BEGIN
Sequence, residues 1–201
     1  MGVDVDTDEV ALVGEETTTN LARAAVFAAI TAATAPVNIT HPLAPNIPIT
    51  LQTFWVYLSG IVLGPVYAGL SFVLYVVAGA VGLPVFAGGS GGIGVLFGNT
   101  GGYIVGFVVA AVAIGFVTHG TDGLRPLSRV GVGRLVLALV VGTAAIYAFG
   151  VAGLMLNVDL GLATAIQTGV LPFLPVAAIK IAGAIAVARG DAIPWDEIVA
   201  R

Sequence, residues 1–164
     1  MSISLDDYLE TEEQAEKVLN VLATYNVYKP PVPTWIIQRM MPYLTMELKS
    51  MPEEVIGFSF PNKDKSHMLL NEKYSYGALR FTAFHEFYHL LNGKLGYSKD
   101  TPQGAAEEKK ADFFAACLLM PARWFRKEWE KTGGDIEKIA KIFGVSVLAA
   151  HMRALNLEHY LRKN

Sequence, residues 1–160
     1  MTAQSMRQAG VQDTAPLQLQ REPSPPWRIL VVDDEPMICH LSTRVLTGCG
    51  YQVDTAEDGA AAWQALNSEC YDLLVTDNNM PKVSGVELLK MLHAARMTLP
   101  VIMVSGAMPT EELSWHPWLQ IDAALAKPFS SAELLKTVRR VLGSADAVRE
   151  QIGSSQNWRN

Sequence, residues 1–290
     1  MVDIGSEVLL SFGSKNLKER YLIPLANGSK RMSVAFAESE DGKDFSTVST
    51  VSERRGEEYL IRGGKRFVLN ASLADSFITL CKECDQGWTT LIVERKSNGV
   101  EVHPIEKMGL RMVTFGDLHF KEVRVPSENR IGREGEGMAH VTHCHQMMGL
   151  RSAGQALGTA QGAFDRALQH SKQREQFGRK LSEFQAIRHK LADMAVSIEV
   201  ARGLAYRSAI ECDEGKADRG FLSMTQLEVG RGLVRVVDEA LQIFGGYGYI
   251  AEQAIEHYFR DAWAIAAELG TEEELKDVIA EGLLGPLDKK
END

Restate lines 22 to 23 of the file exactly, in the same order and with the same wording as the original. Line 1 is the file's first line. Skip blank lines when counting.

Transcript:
   201  ARGLAYRSAI ECDEGKADRG FLSMTQLEVG RGLVRVVDEA LQIFGGYGYI
   251  AEQAIEHYFR DAWAIAAELG TEEELKDVIA EGLLGPLDKK